PowerShares Capital Management shows no signs of slowing its fevered pace of product launches. The enhanced indexing pioneer says it will launch nine new sector-based funds on Wednesday, October 26, bringing the total count of PowerShares exchange-traded funds (ETFs) to thirty. That's up from two - yes, two - a year ago.
The new funds will join eight existing PowerShares sector funds, which launched in late June. Seven of the new industry funds will track Intellidex "enhanced" indexes from the American Stock Exchange, which use quantitative strategies in an attempt to outperform the market. The two remaining funds will track specialty indexes: the Lux Nanontech Index, the leading index of companies involved in the nanotech space; and the SPADE Defense Index, which is focused on companies involved in the homeland security, space industry, and technology-based weapons systems industries.
The new funds are:
- PXN -- PowerShares Lux Nanotech Portfolio
- PPA -- PowerShares Aerospace and Defense Portfolio
- PKB -- PowerShares Dynamic Building & Construction Portfolio
- PXE -- PowerShares Dynamic Energy Exploration & Production Portfolio
- PUI -- PowerShares Dynamic Utilities Portfolio
- PMR -- PowerShares Dynamic Retail Portfolio
- PXJ -- PowerShares Dynamic Oil & Gas Services Portfolio
- PIC -- PowerShares Dynamic Insurance Portfolio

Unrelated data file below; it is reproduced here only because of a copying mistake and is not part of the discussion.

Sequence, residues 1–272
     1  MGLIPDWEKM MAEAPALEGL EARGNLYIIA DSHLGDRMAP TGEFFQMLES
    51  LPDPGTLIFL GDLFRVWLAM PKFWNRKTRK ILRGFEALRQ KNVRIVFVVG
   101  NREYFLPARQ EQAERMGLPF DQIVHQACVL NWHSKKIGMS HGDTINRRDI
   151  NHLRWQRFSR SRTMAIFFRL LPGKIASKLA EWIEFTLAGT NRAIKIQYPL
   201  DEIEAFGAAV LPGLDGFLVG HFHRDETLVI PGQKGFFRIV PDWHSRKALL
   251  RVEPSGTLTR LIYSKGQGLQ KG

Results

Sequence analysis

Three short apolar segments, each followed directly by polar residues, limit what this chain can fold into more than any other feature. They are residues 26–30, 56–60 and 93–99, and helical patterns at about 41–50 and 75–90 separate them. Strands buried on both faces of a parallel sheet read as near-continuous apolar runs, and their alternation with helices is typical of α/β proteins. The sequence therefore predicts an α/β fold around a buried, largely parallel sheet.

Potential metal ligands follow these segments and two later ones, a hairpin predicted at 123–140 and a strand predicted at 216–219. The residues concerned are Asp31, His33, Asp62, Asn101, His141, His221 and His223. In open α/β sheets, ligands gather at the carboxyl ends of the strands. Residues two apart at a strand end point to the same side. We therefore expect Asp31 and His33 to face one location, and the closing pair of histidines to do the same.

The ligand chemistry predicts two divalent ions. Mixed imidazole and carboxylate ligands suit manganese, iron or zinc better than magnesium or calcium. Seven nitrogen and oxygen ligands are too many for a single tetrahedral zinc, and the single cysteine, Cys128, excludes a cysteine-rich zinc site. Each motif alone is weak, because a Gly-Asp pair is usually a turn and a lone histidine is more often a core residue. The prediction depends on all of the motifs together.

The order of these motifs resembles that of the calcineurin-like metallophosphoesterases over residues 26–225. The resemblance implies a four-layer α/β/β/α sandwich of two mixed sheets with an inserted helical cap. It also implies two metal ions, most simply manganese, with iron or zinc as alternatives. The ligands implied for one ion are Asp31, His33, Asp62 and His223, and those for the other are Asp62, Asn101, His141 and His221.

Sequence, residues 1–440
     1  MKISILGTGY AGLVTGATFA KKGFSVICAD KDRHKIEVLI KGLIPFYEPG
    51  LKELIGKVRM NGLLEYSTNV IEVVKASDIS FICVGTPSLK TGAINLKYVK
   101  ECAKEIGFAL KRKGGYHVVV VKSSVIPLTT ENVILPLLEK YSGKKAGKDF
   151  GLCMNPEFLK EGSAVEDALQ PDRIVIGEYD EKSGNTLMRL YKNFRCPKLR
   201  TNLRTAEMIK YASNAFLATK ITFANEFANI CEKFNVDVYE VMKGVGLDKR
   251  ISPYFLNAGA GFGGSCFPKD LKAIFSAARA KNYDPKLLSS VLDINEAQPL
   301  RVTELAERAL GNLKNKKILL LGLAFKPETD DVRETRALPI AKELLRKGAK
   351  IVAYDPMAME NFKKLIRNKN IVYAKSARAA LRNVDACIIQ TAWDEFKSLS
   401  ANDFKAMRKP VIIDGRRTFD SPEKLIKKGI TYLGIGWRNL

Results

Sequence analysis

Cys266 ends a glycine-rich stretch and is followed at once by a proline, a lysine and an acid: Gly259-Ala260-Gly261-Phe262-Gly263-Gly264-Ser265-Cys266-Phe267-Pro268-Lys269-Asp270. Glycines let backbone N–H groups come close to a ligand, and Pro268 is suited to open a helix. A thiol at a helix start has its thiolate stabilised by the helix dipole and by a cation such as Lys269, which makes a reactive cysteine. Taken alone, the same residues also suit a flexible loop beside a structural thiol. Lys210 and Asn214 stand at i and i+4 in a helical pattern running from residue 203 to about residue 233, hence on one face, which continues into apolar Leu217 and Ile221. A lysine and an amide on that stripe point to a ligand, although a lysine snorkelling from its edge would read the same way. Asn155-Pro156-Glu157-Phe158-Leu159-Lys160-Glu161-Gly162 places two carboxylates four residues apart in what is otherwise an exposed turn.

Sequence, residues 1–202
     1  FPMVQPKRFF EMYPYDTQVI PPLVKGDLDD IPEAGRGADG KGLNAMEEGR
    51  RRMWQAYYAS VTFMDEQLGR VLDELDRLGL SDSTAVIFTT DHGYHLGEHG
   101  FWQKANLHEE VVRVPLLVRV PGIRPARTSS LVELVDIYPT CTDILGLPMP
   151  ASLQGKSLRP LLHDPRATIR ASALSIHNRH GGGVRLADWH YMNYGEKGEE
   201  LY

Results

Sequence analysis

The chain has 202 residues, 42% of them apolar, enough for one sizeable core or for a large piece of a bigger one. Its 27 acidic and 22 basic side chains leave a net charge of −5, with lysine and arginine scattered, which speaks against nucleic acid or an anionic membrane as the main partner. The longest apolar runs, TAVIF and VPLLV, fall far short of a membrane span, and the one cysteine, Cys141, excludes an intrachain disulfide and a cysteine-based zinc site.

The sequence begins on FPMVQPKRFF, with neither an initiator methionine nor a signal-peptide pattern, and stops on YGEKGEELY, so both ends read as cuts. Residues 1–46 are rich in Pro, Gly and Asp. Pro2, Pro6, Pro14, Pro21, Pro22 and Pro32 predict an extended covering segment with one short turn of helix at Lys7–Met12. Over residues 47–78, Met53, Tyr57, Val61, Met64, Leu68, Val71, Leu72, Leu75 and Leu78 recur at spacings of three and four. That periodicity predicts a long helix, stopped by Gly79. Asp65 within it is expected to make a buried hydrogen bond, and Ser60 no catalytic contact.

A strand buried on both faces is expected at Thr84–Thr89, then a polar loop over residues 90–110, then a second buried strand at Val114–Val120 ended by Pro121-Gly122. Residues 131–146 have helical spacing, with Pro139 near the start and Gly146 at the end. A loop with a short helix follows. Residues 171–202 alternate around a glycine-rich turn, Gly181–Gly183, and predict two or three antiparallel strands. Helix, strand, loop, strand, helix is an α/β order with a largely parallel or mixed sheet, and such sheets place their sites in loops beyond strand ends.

PowerShares CEO Bruce Bond says that with the launch of the new funds, PowerShares will have "the most diverse ETF industry offering in the United States."
iShares may disagree with that - it offers twenty-five different industry funds - but the iShares offerings do have a good deal of overlap, with multiple ETFs covering the same industry sector (five Financial funds, six Technology funds, etc.).
But that horse race is beside the point. The point is that PowerShares is dramatically expanding its line-up, and fashioning itself as a real alternative to the iShares and streetTracks families of straight indexed ETF line-up. For every traditional indexed ETF, it seems, PowerShares wants to offer an "enhanced alternative." The company hopes to convince investors and financial advisors to replace their traditional index holdings wholesale with the "enhanced" alternative.
Already Over $2 Billion
The eight existing sector funds launched in June have garnered a mixed reception from the market, with some funds off to a strong start ($120 million in assets for the Biotechnology and Genome fund) and some funds attracting little attention ($22 million for the Leisure and Entertainment portfolio). But PowerShares has succeeded in creating some sort of critical mass, as their total assets under management jumped above $2 billion earlier this fall. There are economies of scale for registering and offering more than one ETF (reductions in advertising, back office work, printing costs etc.), and the cost to maintain each of these funds is relatively small.
One common concern expressed about PowerShares' many-fund strategy is that it may keep asset levels and liquidity for the different funds below critical mass. The worry is that this could lead to uneven trading, with large bid/ask spreads that tax investors as they enter and exit the fund. But a recent check of the PowerShares funds put the bid/ask spread for most funds around four or five cents - hardly the one penny spread common for the QQQQ or SPDR ETFs, but not out-of-line for most funds, either. And if PowerShares can fashion itself as a real alternative to iShares - and if its enhanced indexes deliver as promised - it could hit find a very nice place for itself in the ETF industry.